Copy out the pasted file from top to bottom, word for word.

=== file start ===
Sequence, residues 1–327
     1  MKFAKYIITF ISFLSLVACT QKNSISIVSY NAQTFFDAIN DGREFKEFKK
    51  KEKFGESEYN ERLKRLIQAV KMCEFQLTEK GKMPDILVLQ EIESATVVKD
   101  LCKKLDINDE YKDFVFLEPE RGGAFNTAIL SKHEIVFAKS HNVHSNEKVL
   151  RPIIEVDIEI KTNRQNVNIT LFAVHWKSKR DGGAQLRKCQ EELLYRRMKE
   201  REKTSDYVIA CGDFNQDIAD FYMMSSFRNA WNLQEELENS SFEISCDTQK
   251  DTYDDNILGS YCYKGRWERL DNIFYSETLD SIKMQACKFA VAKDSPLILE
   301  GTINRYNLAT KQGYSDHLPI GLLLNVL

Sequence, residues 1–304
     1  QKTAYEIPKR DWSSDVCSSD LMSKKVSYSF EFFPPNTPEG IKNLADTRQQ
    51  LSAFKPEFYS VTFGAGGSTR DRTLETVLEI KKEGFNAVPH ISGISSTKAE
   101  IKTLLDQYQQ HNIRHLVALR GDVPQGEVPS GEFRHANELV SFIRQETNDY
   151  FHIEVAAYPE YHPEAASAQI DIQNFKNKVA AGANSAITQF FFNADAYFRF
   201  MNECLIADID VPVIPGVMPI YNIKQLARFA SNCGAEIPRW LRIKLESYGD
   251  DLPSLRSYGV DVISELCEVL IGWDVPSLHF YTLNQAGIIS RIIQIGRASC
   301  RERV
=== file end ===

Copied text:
Sequence, residues 1–327
     1  MKFAKYIITF ISFLSLVACT QKNSISIVSY NAQTFFDAIN DGREFKEFKK
    51  KEKFGESEYN ERLKRLIQAV KMCEFQLTEK GKMPDILVLQ EIESATVVKD
   101  LCKKLDINDE YKDFVFLEPE RGGAFNTAIL SKHEIVFAKS HNVHSNEKVL
   151  RPIIEVDIEI KTNRQNVNIT LFAVHWKSKR DGGAQLRKCQ EELLYRRMKE
   201  REKTSDYVIA CGDFNQDIAD FYMMSSFRNA WNLQEELENS SFEISCDTQK
   251  DTYDDNILGS YCYKGRWERL DNIFYSETLD SIKMQACKFA VAKDSPLILE
   301  GTINRYNLAT KQGYSDHLPI GLLLNVL

Sequence, residues 1–304
     1  QKTAYEIPKR DWSSDVCSSD LMSKKVSYSF EFFPPNTPEG IKNLADTRQQ
    51  LSAFKPEFYS VTFGAGGSTR DRTLETVLEI KKEGFNAVPH ISGISSTKAE
   101  IKTLLDQYQQ HNIRHLVALR GDVPQGEVPS GEFRHANELV SFIRQETNDY
   151  FHIEVAAYPE YHPEAASAQI DIQNFKNKVA AGANSAITQF FFNADAYFRF
   201  MNECLIADID VPVIPGVMPI YNIKQLARFA SNCGAEIPRW LRIKLESYGD
   251  DLPSLRSYGV DVISELCEVL IGWDVPSLHF YTLNQAGIIS RIIQIGRASC
   301  RERV